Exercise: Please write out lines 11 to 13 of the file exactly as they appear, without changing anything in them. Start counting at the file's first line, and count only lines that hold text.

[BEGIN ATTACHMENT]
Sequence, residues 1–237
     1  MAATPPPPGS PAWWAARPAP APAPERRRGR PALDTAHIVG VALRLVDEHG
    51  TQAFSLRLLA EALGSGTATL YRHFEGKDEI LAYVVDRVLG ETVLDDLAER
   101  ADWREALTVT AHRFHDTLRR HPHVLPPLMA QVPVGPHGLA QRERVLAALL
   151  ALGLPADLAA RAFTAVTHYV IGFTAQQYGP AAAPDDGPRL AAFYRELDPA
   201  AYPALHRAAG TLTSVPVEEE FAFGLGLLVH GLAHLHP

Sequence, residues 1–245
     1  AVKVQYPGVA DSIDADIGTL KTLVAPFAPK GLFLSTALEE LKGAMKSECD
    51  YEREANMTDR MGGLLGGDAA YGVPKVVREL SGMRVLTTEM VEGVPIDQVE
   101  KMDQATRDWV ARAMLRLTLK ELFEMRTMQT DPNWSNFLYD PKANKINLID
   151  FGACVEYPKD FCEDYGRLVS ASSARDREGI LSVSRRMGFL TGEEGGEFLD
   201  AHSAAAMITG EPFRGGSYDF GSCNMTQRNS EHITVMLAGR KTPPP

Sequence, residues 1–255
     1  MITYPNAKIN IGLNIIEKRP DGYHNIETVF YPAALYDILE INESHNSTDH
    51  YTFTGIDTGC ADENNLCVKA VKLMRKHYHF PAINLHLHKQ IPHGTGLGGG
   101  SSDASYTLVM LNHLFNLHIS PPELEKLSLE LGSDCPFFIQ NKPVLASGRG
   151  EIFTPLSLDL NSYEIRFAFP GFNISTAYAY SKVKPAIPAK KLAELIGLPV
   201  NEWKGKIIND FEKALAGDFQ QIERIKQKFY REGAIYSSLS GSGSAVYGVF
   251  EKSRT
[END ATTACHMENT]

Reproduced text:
   151  FGACVEYPKD FCEDYGRLVS ASSARDREGI LSVSRRMGFL TGEEGGEFLD
   201  AHSAAAMITG EPFRGGSYDF GSCNMTQRNS EHITVMLAGR KTPPP

Sequence, residues 1–255